Monday, March 10, 2008

Book Review: Naming the Elephant

I recently read James W. Sire’s book Naming the Elephant: Worldview as a Concept. It declares itself a companion book to Sire’s The Universe Next Door: A Basic Worldview Catalog. The Universe Next Door is an essential reference book every Christian leader needs to read and have on their bookshelf. This book is an examination of eight major worldviews to which the majority of people on the planet hold. It begins with a definition of what a worldview is. However, eventually Sire was not happy with his own definition.

That is where Naming the Elephant comes in. This book is entirely about redefining a worldview. I found this refreshing because Sire is not apologetic for saying that while his definition was adequate it could be better defined to clearly communicate the definition of worldview. Sire begins Naming the Elephant with a history of the definition of worldviews. This discussion is worth the price of the book. Sire lays out in detail the trail of philosophers, Christian and secular, who have had the greatest influence in the development of the concept of worldview.

Next, Sire provides the reader proof of the need for the reworking of the definition of worldview. He moves from that topic to showing that a worldview is more than a set of presuppositions but is more of a way of life. This is important because of Sire’s previous definition of worldview. Following this logically and sequentially is Sire’s thought on how the concept of worldview impacts individuals and societies.

It is only at this point that Sire provides his redefinition of a worldview. Sire’s original definition of worldview, found in The Universe Next Door, says,

A worldview is a set of presuppositions (assumptions which may be true, partially true or entirely false) which we hold (consciously or subconsciously, consistently or inconsistently) about the basic makeup of our world. p. 16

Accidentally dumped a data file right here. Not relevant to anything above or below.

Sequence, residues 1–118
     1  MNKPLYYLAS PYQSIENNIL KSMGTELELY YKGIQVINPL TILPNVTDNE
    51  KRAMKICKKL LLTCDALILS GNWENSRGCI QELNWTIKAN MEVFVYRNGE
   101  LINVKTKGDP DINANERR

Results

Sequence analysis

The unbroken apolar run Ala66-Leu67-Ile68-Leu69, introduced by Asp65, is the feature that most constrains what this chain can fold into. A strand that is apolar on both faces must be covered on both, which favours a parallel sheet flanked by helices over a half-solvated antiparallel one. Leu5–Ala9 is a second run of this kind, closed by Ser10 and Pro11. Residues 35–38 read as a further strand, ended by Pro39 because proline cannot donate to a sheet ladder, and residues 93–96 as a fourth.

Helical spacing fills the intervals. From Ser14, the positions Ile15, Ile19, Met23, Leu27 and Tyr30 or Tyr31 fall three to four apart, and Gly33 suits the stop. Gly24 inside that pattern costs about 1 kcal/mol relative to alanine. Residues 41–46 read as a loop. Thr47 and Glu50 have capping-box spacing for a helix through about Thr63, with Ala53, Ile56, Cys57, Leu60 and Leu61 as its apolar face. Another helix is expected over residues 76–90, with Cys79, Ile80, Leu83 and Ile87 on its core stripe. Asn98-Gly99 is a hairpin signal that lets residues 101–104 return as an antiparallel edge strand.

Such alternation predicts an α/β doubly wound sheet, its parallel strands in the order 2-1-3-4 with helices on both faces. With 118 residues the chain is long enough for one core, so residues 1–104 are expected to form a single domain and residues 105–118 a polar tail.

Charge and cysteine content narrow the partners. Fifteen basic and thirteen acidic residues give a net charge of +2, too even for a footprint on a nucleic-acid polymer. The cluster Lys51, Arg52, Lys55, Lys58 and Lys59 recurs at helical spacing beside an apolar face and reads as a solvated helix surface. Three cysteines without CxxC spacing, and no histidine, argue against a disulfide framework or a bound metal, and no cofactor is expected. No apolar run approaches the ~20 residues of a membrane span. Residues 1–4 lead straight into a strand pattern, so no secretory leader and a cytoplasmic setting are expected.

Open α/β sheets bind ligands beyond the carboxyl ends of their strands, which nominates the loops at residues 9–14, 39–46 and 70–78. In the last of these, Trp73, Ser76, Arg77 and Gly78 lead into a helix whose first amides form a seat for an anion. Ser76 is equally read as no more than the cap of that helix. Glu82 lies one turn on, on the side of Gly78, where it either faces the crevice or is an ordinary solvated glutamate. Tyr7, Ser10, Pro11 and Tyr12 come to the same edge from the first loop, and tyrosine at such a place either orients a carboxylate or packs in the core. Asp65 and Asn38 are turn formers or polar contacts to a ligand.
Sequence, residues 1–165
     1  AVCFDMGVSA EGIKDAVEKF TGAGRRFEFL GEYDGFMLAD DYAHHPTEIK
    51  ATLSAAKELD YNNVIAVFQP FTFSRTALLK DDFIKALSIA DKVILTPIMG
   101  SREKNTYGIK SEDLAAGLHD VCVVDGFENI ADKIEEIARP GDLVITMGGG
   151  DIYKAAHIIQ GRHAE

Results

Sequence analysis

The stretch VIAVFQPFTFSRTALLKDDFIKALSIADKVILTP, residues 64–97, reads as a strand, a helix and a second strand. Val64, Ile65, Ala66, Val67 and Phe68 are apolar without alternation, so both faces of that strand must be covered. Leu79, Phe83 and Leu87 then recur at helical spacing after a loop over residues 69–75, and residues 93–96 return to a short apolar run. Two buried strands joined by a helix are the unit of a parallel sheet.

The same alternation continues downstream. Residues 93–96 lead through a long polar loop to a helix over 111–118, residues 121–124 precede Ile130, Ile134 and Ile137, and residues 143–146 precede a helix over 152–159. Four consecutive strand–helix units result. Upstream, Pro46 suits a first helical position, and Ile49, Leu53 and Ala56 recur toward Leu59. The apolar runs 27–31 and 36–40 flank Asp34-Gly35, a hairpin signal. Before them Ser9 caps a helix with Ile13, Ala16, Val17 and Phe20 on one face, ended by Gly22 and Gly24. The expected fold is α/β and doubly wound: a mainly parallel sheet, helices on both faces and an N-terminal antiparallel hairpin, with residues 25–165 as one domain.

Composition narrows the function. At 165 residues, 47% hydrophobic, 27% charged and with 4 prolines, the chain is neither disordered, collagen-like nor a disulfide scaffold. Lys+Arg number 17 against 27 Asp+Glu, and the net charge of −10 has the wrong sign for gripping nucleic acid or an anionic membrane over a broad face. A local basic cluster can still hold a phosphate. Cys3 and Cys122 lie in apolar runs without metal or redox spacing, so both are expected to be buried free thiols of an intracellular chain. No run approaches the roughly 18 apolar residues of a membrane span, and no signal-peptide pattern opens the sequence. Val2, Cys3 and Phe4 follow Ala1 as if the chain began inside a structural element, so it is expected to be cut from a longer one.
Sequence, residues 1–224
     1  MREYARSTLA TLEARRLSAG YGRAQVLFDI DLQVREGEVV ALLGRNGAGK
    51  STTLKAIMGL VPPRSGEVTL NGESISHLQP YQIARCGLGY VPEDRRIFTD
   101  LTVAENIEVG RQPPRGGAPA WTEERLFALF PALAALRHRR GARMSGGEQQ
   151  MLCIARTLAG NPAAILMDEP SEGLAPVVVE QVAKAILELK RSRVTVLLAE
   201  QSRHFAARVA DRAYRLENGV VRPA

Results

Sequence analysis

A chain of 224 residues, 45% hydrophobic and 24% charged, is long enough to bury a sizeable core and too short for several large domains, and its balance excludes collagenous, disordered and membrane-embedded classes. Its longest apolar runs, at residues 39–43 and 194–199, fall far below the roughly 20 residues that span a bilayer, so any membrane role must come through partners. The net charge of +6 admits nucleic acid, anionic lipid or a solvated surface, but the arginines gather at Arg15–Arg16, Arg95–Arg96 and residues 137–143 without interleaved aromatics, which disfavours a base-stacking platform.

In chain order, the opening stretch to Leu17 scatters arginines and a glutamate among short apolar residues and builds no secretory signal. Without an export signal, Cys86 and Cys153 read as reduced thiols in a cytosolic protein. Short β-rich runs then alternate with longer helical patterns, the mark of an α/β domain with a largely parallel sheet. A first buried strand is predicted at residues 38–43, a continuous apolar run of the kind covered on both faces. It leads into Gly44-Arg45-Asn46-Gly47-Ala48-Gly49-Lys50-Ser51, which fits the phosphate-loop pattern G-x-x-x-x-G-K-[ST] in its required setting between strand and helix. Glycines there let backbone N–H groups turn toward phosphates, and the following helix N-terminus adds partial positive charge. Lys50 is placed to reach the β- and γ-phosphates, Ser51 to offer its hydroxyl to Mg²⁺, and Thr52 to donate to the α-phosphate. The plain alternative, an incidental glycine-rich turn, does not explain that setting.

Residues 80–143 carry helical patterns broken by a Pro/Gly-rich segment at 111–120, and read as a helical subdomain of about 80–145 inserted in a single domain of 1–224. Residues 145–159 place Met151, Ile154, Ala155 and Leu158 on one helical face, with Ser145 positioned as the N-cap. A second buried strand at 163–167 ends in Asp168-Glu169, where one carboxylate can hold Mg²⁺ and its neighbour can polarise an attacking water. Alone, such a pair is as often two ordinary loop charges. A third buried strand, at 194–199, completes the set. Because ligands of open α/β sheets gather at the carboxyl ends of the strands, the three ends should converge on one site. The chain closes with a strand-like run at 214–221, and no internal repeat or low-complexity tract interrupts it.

With the risk of spoiling the ending of Naming the Elephant, Sire’s new definition of worldview is,

A worldview is a commitment, a fundamental orientation of the heart, that can be expressed as a story or in a set of presuppositions (assumptions which may be true, partially true or entirely false) which we hold (consciously or subconsciously, consistently or inconsistently) about the basic constitution of reality, and that provides the foundation on which we live and move and have our being. p. 122.

Some of the main differences Sire points out, are a worldview is “a fundamental orientation of the heart.” In other words, it is a spiritual issue. A worldview shows where the person is at spiritually. Or perhaps said backwards, where a person is at spiritually will define their worldview. It is expressed as presuppositions and it impacts the way we live. It is my opinion this redefinition is clearer and helpful for the dialogue.

Sire finishes his book by discussion what difference this discussion makes. Since worldviews are a spiritual issue, and since they impact the way we live, we should understand how to use our worldview. Understanding what a worldview consists of and how that is manifested in a person’s life will provide the Christian leader with an essential “tool for analysis.” If we know what we are looking for as we read various authors’ work, their worldview shines through their words. As we look at art or listen to music, worldviews issues are easier to pick out. Our worldview helps us identify others’ worldview which in turn can help the Christian leader minister a bit more effectively.

The entire book was just a little over my head. I felt like I was in the deep end of the pool and was able to keep my head above water most of the time but very often my head would go under for a short time. I feel it is always good to read to stretch oneself in ones reading and this book did that for me. It is a good resource for anyone wanting to delve deeper into the topic of worldviews.

2t22 rating